The problem of funding the site seminar has occupied much of Spink's time and energy. He is famous, and in some circles infamous, for his success in obtaining grants, as well as for his creative finance schemes, which include juggling accounts, creating work-study projects, and contributing hos own frequent flyer tickets and funding. His willingness to be flexible with his own time in order to allow a few more students to go along has cost him a considerable amount of his own money. But India - in all its sensory glory, its history, and its wonder - is a treasure that Walter feels is crucial to share with developing students.

Walter's generosity and love of beauty extend into virtually every facet of life. In the dead of winter he often surprises friends with the gift of a daffodil bulb for forcing - complete with a container and gravel. For years he's graciously hosted and cooked spaghetti dinners for his classes. to the students who come to do archival work projects in the study of his house he offers coffee, tea, and music - Bach, Mozart, and Shankar are among the favorites. It is gestures like these that prompted one of his doctoral students to refer to Walter in his dissertation as "a model of what it is to be a cultivated and humane person; he is a man I would like to be like."

Like the Indian artisans whose work he knows so well, Walter has carved out a labyrinth of cells in the cellar of his home, transforming it into a scholarly sanctuary lined with books and enlivened with Indian artifacts and textiles. And in one corner, stashed away in huge, secondhand suitcases, is a horde of T-shirts, jeans, sneakers, baseball hats, and toys, purchased at rummage sales and awaiting distribution among villagers there. Folklore has it that the demise of Pan Am was due, at least in part, to their liberal policy toward Walter and his excessive baggage requests.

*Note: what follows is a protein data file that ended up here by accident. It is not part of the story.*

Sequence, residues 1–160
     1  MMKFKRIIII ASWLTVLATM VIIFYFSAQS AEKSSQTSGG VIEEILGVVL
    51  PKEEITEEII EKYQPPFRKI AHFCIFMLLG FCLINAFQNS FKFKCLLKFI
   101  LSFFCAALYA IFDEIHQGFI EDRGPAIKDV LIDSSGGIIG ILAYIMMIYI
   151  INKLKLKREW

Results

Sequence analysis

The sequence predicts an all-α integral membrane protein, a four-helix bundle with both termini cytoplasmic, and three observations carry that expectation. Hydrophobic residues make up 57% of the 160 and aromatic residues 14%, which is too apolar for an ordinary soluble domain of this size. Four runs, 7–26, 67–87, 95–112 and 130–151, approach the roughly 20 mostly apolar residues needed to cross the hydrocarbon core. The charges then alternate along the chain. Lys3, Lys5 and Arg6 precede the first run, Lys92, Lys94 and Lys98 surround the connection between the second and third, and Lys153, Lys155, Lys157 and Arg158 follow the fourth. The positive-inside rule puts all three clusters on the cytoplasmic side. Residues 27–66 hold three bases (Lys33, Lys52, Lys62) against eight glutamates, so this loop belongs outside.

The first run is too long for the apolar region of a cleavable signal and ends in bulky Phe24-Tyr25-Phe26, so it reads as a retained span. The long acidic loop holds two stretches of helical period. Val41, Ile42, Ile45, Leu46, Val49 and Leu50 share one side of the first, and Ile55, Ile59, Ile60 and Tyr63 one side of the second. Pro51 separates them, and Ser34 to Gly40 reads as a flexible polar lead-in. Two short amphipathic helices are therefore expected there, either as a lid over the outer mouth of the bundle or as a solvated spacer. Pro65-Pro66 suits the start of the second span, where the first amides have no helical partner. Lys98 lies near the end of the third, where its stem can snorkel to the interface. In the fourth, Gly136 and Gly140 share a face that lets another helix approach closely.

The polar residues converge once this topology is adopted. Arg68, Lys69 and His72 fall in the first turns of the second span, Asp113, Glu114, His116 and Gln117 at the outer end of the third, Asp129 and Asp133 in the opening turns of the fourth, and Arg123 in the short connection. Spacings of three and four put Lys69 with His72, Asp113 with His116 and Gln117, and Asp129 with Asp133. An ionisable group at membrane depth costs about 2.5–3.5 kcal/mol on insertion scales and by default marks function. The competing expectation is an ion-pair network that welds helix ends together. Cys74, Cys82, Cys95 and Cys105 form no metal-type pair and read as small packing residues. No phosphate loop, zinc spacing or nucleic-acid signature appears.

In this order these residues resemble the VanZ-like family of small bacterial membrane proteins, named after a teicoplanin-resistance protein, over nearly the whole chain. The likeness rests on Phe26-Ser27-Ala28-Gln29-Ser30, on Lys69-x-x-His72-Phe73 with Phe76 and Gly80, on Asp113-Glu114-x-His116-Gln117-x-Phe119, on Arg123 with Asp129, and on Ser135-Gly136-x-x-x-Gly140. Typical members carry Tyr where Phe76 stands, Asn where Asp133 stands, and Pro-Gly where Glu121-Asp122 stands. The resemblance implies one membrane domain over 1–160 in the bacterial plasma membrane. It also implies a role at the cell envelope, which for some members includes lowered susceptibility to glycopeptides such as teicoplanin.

India also has taken its toll on the Spink family over the years. During a family trip in the mid-60s, Walter contracted Guillain-Barre Syndrome, an auto-immune disease that nearly took his life and left him with a slight limp and a tremor in his hands. Fortunately, he was at home when the symptoms became apparent, and he was able to obtain treatment in Ann Arbor. Another, equally terrifying incident took place several years later when Walter, Nesta, and their three children, David, Phillip, and Ann, were living in India. The drivers of two school buses, each carrying one of the Spink boys, decided to race. The bus carrying Phillip careened off the road and down a cliff, where a small tree prevented it from rolling to the bottom and virtually certain for all inside.

Walter has been called a visionary with a deep passion for sharing and preserving the beauty he sees around him. Among the myriad projects on his agenda are promotional videos for the site seminar, teaching videos for courses on South Asian art and architecture, and proposals designed to preserve Ajanta and other monument sites from deterioration. The latter are particularly crucial light of the recent phenomenon of cultural tourism, which is making the future of Ajanta's precious time capsule as precarious as an all-but-forgotten farm in Berkshires of Massachusetts. Whether these and Walter's other visions become realized, surely they will not be the proposals on Walter's crowded agenda, even after he retires.

Those of us who have had the good fortune of knowing Walter as art historian and friend can only wonder what our lives would be like today if he actually had gone on to direct a zoo.